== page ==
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Retail Insights & Analytics

Applying Advanced Retail Analytics, Part 3: Complementary Items and Consumer Behavior

To get a comprehensive look at your market basket, you need to know which items consumers commonly buy together and how likely they are to buy them together..

Applying Advanced Retail Analytics, Part 3: Complementary Items and Consumer BehaviorTo get a comprehensive look at your market basket, you need to know which items consumers commonly buy together and how likely they are to buy them together in the future. Classic examples? Peanut butter and jelly. Hot dogs and hot dog buns.

Those are obvious, but what about complementary items that aren’t so intuitive? iControl’s analytics found that hamburger and pasta are highly correlated. That’s a powerful piece of information for providers of beef and pasta sauce - plus dozens of other products that are associated with them.

SEE ALSO: Electronic Payment Technology: Combining Analytics and Retail Data

Developing Consumer Types

Advanced retail analytics will show consumer behavior, identifying areas of strategic opportunity. This helps you understand consumers better, to develop a clearer picture of your target audience, along with other audiences you might be missing.

Health-conscious people buy more fruit and yogurt. This means it’s better for a health-focused product to be placed near a grocer’s dairy or produce departments than near the frozen packaged meals. The wrong placement choice can make or break a new product, so using a data-driven approach can be critical to your product development plan.

Analytics help piece together a consumer personality for your brand and products. Perhaps the data reveals that your customers are buying the following products during the same shopping trips as your product: beer, soda, pretzels, chips, paper plates, disposable cutlery, and bulk-sized frozen appetizers. Check the national sports schedules. The SuperBowl is a big one, but also local rivalries or key match ups.  Your next best customer might be a football fan who hosts game-watching parties.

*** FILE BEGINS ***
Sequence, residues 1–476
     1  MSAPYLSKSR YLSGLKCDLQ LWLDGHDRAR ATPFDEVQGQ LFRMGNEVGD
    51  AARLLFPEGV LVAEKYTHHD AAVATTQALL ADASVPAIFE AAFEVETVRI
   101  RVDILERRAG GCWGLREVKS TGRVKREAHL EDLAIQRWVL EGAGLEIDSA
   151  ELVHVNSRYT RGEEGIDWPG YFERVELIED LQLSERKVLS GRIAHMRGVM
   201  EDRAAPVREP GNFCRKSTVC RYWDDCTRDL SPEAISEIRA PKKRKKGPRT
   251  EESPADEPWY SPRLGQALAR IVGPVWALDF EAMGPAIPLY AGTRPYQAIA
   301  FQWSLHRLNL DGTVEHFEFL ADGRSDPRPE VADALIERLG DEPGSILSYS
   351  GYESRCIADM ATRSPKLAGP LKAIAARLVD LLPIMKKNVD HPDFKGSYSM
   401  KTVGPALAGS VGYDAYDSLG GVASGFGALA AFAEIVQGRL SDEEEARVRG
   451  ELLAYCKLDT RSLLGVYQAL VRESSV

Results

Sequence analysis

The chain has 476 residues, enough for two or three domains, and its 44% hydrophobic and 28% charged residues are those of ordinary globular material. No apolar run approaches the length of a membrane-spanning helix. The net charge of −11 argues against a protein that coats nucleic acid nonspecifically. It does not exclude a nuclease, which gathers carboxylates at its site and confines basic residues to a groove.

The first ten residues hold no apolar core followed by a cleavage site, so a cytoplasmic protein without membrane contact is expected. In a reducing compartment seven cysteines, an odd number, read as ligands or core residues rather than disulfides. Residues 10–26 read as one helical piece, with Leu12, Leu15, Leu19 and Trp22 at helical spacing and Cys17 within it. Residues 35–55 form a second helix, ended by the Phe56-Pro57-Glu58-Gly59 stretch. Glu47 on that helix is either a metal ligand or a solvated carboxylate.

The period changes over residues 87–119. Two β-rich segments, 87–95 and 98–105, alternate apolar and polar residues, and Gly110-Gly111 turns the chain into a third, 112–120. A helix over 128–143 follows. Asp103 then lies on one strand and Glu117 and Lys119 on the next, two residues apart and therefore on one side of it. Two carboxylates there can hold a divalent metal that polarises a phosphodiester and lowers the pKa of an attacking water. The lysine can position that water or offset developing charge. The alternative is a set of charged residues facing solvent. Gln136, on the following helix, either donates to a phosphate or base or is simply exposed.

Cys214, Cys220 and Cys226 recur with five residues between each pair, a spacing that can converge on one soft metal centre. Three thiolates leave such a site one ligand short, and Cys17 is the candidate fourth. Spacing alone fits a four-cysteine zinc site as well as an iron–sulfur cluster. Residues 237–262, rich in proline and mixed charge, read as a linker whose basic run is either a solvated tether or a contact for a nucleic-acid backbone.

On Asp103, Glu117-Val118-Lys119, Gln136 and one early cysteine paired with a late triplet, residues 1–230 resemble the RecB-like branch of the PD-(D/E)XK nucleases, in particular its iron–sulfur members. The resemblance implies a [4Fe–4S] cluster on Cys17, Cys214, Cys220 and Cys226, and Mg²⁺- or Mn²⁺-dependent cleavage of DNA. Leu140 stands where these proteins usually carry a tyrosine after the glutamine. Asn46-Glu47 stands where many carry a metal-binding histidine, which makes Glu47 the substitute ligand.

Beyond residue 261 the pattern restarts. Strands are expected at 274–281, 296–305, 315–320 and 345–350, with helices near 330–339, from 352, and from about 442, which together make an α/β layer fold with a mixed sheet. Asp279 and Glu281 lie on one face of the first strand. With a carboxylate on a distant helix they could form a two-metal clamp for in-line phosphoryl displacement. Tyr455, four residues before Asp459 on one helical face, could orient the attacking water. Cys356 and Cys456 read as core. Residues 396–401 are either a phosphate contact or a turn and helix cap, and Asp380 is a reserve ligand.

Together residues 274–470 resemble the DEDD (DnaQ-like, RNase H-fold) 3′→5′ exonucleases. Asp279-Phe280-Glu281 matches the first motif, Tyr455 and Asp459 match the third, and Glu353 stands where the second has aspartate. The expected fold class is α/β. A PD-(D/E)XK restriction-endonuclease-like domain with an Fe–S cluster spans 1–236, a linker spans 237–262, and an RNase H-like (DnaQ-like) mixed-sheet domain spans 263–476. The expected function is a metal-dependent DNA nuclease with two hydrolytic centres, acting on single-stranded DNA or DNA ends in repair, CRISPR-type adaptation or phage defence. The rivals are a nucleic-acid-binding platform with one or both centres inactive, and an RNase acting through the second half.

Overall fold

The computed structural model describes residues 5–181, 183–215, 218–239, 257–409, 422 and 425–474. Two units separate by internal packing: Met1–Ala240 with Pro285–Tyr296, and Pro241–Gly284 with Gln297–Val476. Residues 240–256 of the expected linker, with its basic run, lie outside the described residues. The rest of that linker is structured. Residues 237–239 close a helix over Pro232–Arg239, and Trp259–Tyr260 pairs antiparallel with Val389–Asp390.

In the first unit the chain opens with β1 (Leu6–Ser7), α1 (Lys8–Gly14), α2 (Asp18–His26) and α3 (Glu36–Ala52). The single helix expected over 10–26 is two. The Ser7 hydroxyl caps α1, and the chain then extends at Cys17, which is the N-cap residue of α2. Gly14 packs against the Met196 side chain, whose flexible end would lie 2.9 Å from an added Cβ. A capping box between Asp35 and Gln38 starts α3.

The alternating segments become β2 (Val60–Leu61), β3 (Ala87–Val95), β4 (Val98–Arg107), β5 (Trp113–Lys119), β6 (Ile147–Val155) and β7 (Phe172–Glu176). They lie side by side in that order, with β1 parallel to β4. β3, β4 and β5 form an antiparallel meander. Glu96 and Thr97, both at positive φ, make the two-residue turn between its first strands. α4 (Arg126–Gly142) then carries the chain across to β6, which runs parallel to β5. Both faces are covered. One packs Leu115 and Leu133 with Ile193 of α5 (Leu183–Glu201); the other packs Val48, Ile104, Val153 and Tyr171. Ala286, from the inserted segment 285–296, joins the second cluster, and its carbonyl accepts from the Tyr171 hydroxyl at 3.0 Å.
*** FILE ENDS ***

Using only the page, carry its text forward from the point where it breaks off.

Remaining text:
Expecting the Unexpected

Analytics can also reveal unexpected data. Maybe it’s an unusually high number of items purchased during a single day of the year - not a holiday, not a sports day, not something you can find on any calendar. Maybe a certain item is suddenly being bought with your product, but nobody on your team understands what the connection could be.

Sometimes one enlightening fact brings the whole picture together. Understanding ongoing trends like beef and pasta sauce, versus one hit wonders is important too. Why is everyone buying chocolate chips on May 17? The town’s annual bake-off is on May 18. Why are so many people suddenly buying red wine, raspberries and a bag of ice? A famous person made wine slushies on the Food Network. In these examples, if you didn’t know about a small-town event or a big-name celebrity, you wouldn’t understand the meaning behind the data.

Leveraging Data into Promotions and Partnerships

Unexpected data can lead to unexpected - and beneficial - cross-promotional opportunities. For example, when the Apple watch first launched, some fashion designers criticized it for having a bulky, unsophisticated look. Apple, which thought the watch was on-trend, quickly analyzed their poor sales among luxury buyers. Once they realized the mistake, they forged a partnership with Hermes, a high-end fashion brand, to meet the desire of the target consumer.

Analytics that can reveal shopper behavior leads to a better understanding of that shopper, which means better targeted promotional opportunities. For instance, did you know people who purchase adult cereal are more likely to also be purchasing health conscious items like fresh fruit, yogurt, hummus and granola. While people who purchase kids cereal are much more likely purchasing convenience foods like frozen dinners and packaged snacks. This creates huge cross promotional opportunities for these brands. At the same time, if the connection is so strong, say for bagels and cream cheese, it may make sense to only promote one at a time since the consumer will almost always be likely to purchase the other item.

When encountering data that doesn't make immediate sense, don't worry. Research the connection, discuss it with your team, and welcome the unexpected feedback. It might lead to your company’s next new product or big promotional deal.

SEE ALSO: 5 Signs You Should Invest in Retail Analytics

 Retail Analytics Wrap-Up

We hope this three-part series about retail analytics has helped you better understand your market basket, complementary buying, promotional planning, consumer behavior, and the forces at work behind product management.

If you’re ready to explore advanced analytics, contact us today. We’ll show you how iControl’s data-driven platform can be the driving force for business success.

Get started with iControl.

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